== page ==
Diversity in the Workplace-an Enabler for Growth
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Topline, bottomline, legal compliance and retention—these were always considered growth enablers. In recent years, however, a new terminology has been added to growth consideration of corporates—diversity and inclusion.
A McKinsey report, Delivering through Diversity, states that business performance is related to diversity. Companies in the top quartile for gender diversity on executive teams were 21 per cent more likely to outperform on profitability and 27 per cent more likely to have superior value creation. The highest-performing companies on both profitability and diversity had more women in-line (i.e., typically revenue-generating) roles than in staff roles on their executive teams.
As per the report, it’s not just gender. Companies in the top quartile for ethnic/cultural diversity on executive teams were 33 per cent more likely to have industry-leading profitability. That this relationship continues to be strong suggests that inclusion of highly diverse individuals—and the myriad ways in which diversity exists beyond gender (for example, LGBTQ+, age/generation, international experience)—can be a key differentiator among companies.
For a company looking to develop a more varied and comprehensive workplace, it is essential to understand what represents workplace diversity. When we think about diversity, we usually think of cultural background, gender, race, religion, citizenship status, age and other distinct differences between people. In the coming years, organizations that realize how to handle multiplicity in the office successfully will hold a definite advantage when it comes to utilizing and hiring talent.
In today’s challenging business environment, workplace dynamics have evolved to embrace diversity as an intrinsic part of their functioning. As this evolution paces ahead, the need of the hour is for companies to adopt an organizational culture that prioritizes employee needs and encourages diversity and inclusion across its practices. At HCL, we believe that companies that encourage inclusion and diversity in the workplace are more innovative and perform better.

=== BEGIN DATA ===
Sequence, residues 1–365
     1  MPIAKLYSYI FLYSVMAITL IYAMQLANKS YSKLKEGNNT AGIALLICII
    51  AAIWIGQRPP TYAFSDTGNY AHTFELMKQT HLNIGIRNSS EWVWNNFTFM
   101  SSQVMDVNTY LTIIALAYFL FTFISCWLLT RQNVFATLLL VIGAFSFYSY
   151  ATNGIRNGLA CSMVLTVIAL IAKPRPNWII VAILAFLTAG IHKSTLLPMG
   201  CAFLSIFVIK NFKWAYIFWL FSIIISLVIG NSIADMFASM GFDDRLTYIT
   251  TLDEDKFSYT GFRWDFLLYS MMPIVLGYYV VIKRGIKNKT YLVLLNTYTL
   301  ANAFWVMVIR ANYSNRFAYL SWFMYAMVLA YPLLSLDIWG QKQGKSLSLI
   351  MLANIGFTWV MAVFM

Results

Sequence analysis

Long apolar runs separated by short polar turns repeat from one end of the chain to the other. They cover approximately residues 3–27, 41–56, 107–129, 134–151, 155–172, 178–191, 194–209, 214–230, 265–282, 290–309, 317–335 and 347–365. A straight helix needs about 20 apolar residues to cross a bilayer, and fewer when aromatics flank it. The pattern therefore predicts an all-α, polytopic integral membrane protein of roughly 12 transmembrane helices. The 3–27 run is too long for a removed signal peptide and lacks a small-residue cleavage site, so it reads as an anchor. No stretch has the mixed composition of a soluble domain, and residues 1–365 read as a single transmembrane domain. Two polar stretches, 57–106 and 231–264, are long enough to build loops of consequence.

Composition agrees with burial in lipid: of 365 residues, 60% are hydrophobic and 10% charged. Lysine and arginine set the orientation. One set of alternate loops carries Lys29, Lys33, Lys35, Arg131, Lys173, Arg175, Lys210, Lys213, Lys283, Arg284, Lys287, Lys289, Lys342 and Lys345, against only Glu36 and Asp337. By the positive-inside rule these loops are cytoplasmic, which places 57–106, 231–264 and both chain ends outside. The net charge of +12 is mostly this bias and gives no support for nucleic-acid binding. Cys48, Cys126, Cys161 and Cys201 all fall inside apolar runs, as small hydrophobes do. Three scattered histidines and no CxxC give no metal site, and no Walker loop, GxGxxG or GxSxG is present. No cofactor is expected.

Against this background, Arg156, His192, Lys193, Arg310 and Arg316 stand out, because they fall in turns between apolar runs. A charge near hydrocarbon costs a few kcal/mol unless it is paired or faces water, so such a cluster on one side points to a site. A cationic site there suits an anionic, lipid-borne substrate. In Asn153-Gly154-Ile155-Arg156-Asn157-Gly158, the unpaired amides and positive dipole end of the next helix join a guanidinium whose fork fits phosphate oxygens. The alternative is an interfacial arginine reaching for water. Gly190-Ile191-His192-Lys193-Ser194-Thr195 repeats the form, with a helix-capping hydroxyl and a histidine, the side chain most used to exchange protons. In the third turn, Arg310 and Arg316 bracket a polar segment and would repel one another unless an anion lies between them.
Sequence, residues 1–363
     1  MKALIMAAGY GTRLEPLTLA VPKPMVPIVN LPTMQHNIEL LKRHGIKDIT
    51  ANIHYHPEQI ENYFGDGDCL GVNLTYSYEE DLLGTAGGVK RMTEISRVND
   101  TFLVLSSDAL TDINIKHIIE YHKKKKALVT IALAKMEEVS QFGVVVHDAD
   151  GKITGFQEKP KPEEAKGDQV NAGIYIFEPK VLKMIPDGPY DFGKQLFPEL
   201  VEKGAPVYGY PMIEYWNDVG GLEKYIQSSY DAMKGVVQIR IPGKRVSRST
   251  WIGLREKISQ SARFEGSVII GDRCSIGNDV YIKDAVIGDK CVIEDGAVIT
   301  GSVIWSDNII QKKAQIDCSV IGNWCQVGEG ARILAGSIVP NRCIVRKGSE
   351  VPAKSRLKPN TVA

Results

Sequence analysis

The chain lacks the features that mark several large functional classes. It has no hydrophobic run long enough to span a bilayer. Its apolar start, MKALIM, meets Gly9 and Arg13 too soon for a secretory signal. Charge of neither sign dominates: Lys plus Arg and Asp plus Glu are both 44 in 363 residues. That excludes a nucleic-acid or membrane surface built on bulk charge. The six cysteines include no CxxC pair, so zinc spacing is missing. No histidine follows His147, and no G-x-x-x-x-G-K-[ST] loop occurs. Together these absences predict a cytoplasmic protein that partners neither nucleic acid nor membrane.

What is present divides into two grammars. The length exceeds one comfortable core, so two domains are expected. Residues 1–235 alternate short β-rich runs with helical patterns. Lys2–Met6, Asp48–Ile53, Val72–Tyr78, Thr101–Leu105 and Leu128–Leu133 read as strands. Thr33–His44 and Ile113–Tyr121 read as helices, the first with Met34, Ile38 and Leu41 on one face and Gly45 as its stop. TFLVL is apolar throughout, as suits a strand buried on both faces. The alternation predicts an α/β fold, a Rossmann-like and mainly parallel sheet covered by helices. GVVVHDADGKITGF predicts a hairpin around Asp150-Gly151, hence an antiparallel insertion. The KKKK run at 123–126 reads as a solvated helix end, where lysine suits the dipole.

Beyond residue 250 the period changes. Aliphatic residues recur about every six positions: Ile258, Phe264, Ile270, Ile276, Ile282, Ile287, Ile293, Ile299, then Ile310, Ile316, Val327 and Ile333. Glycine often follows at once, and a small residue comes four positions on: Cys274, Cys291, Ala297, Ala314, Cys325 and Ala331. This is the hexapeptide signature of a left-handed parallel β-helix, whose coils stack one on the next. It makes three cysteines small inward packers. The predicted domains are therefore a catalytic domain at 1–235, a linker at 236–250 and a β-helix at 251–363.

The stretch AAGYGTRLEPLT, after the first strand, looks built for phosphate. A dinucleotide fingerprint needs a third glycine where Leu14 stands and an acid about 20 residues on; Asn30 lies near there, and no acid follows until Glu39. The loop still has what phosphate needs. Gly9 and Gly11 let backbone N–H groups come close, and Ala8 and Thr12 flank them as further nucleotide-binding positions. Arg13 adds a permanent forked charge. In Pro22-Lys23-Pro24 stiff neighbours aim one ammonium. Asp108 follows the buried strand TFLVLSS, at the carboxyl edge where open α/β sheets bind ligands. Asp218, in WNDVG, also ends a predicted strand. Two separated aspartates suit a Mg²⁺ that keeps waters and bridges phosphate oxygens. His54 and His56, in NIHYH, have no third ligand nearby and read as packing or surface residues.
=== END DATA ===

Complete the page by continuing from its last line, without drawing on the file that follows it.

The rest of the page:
Irrespective of cultural or economic background, disability, age and gender identity or introverted and extroverted personality types, everyone needs something different to feel like they belong and are valued. When people are not in an inclusive environment, they often feel excluded and find it hard to fulfil their potential.
People perform at a higher level when their comfort, orientation, and beliefs are considered. Hence, it is imperative that organizations should strive to ensure they’re free to work in a way that plays to their strengths.
Through sustained programmes and initiatives, HCL has moved the needle positively on gender diversity which stands at 26.67 per cent, an improvement of 1.8 percentage points over the last year. It continues to invest in various in-organization initiatives to create a larger social environment that facilitates gender-equal workspaces. Along with gender diversity, HCL has a significant focus on cultural diversity and inclusion. We have taken steps to create an ‘inclusive ecosystem’ through focused initiatives aimed at the LGBTQ+ community and people with disabilities. At HCL, we view diversity as a ‘differentiator,’ which is a representative of diversity in beliefs, behaviors, and skills within the organization. Our workforce represents a spectrum of 140-plus nationalities coming from many of the countries we do business in—where all work together to build a culture that respects inclusion.
Our diversity and inclusion strategy focuses on talent attraction, talent retention and talent growth. There is a long way to go before one can forge a true gender equal world. However, as diversity and inclusion moves out of HR remit and becomes a discussion agenda at the CXO table, we can expect more concrete action in implementing diversity and inclusion.gro